kevin anderson

Kevin Anderson

Editor’s Note: Kevin Anderson is a guest contributor sharing his experience and perspective on quality customer service and the important role it plays in business, whether that be in retail, advertising, etc.

On hearing the phrase customer service, most folks likely think at once of the times they’ve received poor service. Why?

The answer? Poor service, alas, has more and more become the standard in too many businesses. Each of us can likely cite numerous occasions when a clerk ignored us, when we felt like an imposition rather than a paying customer or when a “customer service rep” did little or nothing to solve a problem in a friendly, timely fashion. It appears that serving customers – making them feel appreciated, valued and the most important person in a given moment – has become something of a lost art.

A maxim in the business world holds that customer service forms the lifeline of business. If so, then why do we so often see bad or nonexistent service? If customer service truly drives your business, then why does it self-evidently fail to earn more emphasis?

Customer service gives a business the chance to look through the narrow window of opportunity, that short period when a customer turns into a repeat customer. Good service sets businesses apart from competitors that may be offering the same or similar products. Good service allows you to strengthen your hold of a situation by assuring the customer you can deliver what’s desired or needed. Good service leaves a refreshing impression of professionalism, while poor service probably prompts only disappointment – and perhaps a plan to seek service elsewhere.

Customer service remains forever in play in the business world. It matters little what kind of business you own or serve – customer service always comes front and center. Failing to return a customer’s phone call, similarly failing to greet and help customers, engaging in personal texting in view of customers, conversing inappropriately with co-workers – all of these inactions or actions exemplify bad customer service too often displayed at businesses areawide.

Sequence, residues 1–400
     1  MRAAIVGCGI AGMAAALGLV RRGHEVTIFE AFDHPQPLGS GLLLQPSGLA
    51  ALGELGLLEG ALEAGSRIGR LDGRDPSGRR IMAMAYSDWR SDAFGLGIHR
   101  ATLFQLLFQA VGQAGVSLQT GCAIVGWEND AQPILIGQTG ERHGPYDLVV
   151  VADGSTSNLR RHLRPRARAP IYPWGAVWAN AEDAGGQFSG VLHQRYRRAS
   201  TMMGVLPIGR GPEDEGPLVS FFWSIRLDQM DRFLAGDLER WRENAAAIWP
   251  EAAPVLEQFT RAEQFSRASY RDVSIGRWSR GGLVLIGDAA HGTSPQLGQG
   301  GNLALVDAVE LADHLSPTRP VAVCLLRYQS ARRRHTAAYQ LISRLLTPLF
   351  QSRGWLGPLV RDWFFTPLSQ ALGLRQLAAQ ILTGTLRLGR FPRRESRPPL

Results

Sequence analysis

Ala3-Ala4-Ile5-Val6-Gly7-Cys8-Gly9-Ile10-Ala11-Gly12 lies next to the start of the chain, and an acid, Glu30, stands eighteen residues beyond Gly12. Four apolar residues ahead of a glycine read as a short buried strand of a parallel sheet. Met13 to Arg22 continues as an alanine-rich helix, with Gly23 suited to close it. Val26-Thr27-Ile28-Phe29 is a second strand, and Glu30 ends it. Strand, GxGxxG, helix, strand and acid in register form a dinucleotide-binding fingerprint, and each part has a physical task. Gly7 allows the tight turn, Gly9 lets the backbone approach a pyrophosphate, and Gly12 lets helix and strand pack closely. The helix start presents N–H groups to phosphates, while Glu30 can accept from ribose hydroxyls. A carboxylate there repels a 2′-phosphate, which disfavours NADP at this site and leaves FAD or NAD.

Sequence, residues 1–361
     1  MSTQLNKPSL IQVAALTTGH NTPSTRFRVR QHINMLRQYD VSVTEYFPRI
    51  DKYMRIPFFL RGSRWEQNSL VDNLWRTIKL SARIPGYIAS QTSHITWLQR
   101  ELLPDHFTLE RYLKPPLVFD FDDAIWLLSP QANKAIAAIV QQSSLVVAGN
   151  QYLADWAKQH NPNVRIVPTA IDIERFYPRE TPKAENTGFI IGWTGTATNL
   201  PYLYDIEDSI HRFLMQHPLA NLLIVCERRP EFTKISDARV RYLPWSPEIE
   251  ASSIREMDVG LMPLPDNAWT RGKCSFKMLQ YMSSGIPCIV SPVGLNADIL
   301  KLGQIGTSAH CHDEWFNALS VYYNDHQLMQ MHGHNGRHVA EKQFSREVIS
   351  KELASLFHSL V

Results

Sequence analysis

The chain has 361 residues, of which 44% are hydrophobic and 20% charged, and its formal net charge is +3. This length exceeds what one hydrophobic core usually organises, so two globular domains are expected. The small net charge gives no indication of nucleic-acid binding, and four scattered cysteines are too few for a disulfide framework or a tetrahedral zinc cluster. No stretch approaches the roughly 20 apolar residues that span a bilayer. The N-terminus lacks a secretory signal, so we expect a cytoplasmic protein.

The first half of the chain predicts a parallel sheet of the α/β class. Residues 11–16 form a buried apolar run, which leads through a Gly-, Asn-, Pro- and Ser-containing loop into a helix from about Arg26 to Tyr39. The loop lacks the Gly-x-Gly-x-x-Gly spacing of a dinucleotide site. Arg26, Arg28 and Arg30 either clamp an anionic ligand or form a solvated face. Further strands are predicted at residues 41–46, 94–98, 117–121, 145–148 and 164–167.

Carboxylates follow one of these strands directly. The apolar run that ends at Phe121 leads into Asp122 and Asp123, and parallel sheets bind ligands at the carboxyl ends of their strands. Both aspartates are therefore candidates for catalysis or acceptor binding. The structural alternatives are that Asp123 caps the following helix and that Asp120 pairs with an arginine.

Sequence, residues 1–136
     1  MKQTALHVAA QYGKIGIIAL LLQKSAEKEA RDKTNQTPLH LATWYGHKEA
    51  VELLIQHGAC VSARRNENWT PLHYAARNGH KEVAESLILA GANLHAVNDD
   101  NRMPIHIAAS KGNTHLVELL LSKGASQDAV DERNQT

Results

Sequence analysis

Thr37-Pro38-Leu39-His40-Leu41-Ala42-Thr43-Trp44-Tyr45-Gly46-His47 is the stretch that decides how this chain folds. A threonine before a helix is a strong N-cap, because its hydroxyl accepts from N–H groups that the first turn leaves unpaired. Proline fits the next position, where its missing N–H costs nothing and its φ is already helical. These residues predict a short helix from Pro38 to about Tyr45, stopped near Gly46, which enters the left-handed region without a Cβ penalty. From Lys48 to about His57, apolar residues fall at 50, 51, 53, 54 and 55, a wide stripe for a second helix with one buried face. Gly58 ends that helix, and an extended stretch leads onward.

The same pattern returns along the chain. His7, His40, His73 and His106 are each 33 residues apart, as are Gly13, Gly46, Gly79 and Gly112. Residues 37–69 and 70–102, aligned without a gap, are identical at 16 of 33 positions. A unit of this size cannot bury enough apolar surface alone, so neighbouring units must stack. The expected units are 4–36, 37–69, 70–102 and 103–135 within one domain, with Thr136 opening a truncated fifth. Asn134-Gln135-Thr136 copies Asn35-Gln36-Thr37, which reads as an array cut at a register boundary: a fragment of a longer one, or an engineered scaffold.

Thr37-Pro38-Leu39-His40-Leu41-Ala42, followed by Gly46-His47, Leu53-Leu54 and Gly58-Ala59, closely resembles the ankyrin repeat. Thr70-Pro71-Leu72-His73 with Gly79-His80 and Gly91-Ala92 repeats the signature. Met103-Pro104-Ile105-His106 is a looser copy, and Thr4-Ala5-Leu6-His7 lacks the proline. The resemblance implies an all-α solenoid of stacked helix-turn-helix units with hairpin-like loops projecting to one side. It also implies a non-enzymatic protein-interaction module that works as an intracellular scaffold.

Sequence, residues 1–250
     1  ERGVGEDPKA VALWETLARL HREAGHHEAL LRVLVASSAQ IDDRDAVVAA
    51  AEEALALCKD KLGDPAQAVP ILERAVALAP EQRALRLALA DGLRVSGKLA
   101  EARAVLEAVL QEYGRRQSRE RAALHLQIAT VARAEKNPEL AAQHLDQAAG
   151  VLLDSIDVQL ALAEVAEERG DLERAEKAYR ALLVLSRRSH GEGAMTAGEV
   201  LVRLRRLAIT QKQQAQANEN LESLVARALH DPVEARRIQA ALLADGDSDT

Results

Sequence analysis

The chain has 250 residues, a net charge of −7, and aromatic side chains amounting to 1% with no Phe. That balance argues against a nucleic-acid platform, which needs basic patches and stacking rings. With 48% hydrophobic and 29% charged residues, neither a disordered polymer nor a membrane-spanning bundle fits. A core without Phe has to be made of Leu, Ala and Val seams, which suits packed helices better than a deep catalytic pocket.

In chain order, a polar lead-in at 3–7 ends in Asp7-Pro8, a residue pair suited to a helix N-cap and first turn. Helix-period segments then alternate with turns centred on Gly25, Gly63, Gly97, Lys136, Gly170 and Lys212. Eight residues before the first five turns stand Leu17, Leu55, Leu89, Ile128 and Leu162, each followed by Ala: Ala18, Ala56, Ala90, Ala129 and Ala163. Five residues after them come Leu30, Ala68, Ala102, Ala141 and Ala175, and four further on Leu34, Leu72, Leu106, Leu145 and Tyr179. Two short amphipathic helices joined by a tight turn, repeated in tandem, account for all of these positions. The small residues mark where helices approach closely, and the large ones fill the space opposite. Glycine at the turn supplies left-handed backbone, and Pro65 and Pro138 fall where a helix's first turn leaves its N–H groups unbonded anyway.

If you’re not serving the customer – greeting, smiling, listening, helping – then you’re providing bad customer service – and bad service ultimately leads a customer to think, “Hey, maybe I don’t want to do business here if I’m going to be treated like my business doesn’t matter.”

Make a customer’s shopping or other experience great simply by doing what customer service, at base, involves: serving the customer. Consider that the bare minimum. If you’re really on your game, then the sky’s the limit. You enjoy an awesome opportunity to wow your customers each time you interact with them. Doing so often takes only a simple smile, a compliment or a sense of urgency in recognizing the valuable nature of their time and business.

So brighten your customers’ day by reassuring them their business matters and you’re happy to help. In doing so, customers frequently become return customers. That may sound deceptively simple, but it works.

Kevin M. Anderson, an experienced retail stylist at Nordstrom, has a keen eye and sense of style that have enabled him to become a leader in St. Louis men’s fashion.